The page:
A History in Ten Objects?

 
 

In 2010, a new book by Neill MacGregor, entitled A History of the World in 1000 Objects, used a selection of items from the British Museum to create a unique perspective view of two million years of human history. MacGregor explained that he chose a collection of artifacts from the museum “that previous civilizations have left behind, often accidentally” as his “prism” for examining the past. This idea of constructing a historical narrative around a set of artifacts caught on and similar works soon appeared. Richard Kurin selected items from the Smithsonian for his history of America in 101 objects. Harold Holzer chose 50 items to explain the American Civil War.

 These histories do offer a different angle for viewing the past–a bit mosaic, a bit fragmented. Less connected than more traditional narratives, the different artifacts nevertheless become “pages” in a story about yesterdays. What makes these accounts more interesting is the tangible nature of these objects. They are three dimensional. They can be held, examined, walked around (at least in theory–many are too valuable to actually touch).

 Even more enticing, they are actual survivors from those yesterdays. They were there. They played a role in the events narrated. Sometimes, they are singular and famous. “This was Abraham Lincoln’s hat.” Sometimes, they are general. “That was a guidebook for 1920s highway travelers.”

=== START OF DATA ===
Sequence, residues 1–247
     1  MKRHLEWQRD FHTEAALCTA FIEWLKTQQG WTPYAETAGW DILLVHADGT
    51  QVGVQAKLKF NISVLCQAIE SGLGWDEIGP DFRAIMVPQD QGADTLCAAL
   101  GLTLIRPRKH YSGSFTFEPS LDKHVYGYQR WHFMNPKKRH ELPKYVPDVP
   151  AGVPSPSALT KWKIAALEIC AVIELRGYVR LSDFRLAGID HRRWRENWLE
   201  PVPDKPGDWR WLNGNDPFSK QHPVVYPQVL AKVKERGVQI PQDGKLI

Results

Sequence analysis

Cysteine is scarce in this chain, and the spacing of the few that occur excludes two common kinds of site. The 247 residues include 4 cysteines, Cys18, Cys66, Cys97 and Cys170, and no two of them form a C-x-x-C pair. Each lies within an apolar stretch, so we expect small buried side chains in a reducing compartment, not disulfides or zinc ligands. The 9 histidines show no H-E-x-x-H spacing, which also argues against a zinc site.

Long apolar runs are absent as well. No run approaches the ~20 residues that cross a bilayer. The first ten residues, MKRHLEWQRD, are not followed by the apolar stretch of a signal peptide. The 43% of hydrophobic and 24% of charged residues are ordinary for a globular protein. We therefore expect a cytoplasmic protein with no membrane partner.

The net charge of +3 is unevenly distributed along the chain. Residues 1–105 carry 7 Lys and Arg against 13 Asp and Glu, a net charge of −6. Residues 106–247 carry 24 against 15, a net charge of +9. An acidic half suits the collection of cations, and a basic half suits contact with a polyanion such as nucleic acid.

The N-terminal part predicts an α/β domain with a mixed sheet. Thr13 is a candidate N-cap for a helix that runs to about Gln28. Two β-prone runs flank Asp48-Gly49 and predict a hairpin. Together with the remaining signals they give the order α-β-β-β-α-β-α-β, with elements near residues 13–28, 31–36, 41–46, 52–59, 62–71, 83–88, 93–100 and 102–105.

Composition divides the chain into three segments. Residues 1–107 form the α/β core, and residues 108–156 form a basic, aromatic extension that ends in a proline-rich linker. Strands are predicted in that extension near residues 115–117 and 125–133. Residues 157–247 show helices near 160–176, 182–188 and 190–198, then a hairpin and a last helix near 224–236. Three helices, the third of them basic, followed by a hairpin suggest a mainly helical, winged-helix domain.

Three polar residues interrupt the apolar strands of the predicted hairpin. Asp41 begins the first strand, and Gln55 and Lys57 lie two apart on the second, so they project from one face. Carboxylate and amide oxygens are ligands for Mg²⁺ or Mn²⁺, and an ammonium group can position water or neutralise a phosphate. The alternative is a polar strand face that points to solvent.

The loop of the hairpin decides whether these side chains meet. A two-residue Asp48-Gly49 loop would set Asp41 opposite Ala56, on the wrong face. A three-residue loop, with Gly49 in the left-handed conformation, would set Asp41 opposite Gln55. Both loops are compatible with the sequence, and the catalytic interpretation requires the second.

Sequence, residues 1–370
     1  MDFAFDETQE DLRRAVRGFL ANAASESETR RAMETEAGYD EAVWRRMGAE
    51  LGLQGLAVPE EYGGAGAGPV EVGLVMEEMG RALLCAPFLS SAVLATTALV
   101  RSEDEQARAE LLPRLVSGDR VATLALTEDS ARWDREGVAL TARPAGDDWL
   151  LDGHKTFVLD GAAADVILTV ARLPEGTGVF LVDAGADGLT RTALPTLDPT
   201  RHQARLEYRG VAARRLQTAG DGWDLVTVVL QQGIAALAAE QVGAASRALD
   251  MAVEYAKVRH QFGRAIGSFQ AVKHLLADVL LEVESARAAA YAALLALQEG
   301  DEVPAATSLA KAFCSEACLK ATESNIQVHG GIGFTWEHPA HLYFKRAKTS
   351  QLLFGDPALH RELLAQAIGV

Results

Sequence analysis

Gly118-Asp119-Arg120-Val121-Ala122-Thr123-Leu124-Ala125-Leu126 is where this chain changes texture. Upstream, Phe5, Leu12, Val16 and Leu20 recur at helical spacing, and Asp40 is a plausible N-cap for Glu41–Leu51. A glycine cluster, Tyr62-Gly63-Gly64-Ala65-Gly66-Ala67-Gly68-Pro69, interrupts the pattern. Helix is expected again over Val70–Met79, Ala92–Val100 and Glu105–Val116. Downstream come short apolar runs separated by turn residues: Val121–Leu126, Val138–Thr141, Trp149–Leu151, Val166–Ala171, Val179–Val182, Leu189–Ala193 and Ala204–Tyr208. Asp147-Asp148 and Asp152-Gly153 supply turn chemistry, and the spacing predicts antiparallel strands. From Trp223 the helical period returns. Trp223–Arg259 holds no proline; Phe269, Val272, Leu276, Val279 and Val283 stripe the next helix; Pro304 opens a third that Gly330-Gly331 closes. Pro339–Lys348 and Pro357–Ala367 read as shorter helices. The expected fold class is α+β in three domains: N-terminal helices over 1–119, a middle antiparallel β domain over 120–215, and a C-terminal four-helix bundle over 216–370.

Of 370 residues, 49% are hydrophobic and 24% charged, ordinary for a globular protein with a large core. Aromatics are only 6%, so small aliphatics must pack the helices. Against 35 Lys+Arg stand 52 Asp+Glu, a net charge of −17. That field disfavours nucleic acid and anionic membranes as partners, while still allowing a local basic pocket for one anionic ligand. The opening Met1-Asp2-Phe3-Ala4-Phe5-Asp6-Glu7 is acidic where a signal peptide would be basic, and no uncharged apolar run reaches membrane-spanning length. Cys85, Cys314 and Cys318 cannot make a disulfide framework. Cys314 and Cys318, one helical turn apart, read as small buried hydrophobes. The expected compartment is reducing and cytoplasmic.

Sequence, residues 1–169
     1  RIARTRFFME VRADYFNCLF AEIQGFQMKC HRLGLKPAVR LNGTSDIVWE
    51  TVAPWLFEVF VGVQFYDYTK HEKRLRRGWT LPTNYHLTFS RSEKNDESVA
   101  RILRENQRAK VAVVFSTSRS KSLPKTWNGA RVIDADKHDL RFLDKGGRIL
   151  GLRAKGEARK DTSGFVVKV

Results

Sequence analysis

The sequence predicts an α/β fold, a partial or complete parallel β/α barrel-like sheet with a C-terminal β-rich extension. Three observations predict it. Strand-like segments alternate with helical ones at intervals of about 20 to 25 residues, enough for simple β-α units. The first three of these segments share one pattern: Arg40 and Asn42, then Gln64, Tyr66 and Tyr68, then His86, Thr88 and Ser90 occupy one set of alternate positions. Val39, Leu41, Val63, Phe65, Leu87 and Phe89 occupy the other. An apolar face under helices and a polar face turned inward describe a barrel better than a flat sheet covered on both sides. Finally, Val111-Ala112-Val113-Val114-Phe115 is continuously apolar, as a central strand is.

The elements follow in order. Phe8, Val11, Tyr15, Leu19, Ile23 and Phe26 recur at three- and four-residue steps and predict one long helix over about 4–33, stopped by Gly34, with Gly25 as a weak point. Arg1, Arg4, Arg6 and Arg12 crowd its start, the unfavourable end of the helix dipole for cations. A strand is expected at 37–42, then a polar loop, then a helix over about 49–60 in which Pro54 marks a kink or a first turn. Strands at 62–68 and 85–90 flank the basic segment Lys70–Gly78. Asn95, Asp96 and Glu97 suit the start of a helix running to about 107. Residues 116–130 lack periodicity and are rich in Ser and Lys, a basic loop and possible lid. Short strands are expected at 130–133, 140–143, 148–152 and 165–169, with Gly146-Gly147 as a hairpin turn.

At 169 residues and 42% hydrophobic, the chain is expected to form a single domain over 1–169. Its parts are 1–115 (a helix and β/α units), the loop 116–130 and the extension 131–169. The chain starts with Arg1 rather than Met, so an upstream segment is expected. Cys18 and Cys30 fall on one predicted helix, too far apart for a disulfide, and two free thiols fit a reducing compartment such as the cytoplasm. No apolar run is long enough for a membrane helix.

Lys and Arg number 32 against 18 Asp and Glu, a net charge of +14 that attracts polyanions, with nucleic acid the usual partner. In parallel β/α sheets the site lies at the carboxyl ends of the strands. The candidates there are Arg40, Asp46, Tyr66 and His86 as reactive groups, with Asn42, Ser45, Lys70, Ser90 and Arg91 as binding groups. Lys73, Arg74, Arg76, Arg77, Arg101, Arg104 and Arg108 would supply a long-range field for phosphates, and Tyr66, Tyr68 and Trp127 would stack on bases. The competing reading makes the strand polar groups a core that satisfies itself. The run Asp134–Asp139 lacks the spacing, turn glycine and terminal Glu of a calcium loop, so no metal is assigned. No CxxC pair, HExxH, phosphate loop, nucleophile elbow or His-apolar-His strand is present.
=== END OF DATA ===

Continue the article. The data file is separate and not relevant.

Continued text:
What they have in common is that they contain a fragment of the larger story of the group, the organization, the society, the culture that produced them. And, when we connect the fragments preserved in each of these items, we rediscover that story. We can “read” it for ourselves.

 So, what about the First Methodist story? Can we reconstruct it from some of the objects “accidentally” left behind? 

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I think we can. As I have worked on a history of this church, I have excavated some interesting “stuff.” Some is worthy of being in the archive; some perhaps not. Some items have clear provenience–that is, where they came from, how they were created, and what they mean. Others are more obscure. Dates are missing. Names are gone. Only fragments remain.

 

Yet, there are more than enough objects to help tell the story of this church. I have chosen ten, distributed across time, to provide a short version of that story. Some of them you will recognize. Some you have probably never seen. Some are unique; some are general. Each contains fragments of the past embedded within it.

 Using this ten-item “prism,” I will share with you a look at over 130 years of Methodist life and works in Midland.

 

–Jim Collett, Church Historian

 

[Next: Bonds and Blueprints]


One Response to “A History in Ten Objects?”

  1. Lane Boyd says:

    Jim,

    Your stuff intrigues me. Looking forward. . . .

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